The pioneers of the sustainable farming movement are mourning what they call the downfall of the organic program, following a Wednesday night vote by a group of government farming advisers that could determine the future of the $50 billion organic industry.
At issue was whether a booming generation of hydroponic, aquaponic and aeroponic farms — which grow plants in nutrients without using soil, frequently indoors — could continue to sell their produce under the “organic” label.
In a series of narrow votes, an advisory board to the U.S. Department of Agriculture voted to allow the majority of these operators to remain a part of the organic program, dealing a blow to the movement's early leaders.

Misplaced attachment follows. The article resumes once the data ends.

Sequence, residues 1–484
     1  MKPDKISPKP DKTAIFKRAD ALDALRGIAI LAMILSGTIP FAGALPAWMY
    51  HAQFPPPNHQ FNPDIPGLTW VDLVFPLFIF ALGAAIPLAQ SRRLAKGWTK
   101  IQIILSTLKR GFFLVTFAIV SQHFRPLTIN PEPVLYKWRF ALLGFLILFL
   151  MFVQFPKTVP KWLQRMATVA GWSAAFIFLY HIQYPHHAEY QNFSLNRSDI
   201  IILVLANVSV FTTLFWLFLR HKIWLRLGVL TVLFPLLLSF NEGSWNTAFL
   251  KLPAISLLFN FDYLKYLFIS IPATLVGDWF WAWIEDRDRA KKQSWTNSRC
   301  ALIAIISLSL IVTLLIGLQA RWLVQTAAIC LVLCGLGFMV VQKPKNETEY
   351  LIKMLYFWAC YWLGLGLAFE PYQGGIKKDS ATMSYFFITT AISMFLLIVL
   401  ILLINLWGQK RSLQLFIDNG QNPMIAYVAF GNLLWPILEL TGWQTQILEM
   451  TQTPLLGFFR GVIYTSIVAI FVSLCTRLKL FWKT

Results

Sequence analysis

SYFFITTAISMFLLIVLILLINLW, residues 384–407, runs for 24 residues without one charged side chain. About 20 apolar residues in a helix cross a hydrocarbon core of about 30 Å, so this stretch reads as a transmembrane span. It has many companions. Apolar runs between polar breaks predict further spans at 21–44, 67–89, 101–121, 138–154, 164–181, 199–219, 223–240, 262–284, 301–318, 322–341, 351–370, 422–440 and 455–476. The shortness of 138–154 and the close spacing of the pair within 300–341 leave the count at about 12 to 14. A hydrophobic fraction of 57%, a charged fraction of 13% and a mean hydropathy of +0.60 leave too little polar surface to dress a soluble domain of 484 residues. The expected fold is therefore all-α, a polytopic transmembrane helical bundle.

Organic pioneers have argued that including hydroponic produce under the label has undermined the integrity of the program they fought decades to establish, and at a time when it is already under intense scrutiny. Some have said they will consider leaving the USDA-regulated program entirely.
“This was the Hail Mary pass to save the National Organic Program, and they didn't catch it,” said Dave Chapman, a longtime organic tomato farmer who lobbied to have hydroponics banned from the organics label. “They did incalculable damage to the seal tonight. It's just going to take them a while to realize it.”
Wednesday's recommendation, issued by the National Organic Standards Board, came in four parts.
The board voted to keep out aeroponic farming, which grows plants — typically herbs and leafy greens — suspended in the air with their roots exposed. But it voted to allow hydroponics, which grow plants in water-based nutrient solutions, and aquaponics, which combine hydroponic systems with farmed fish operations.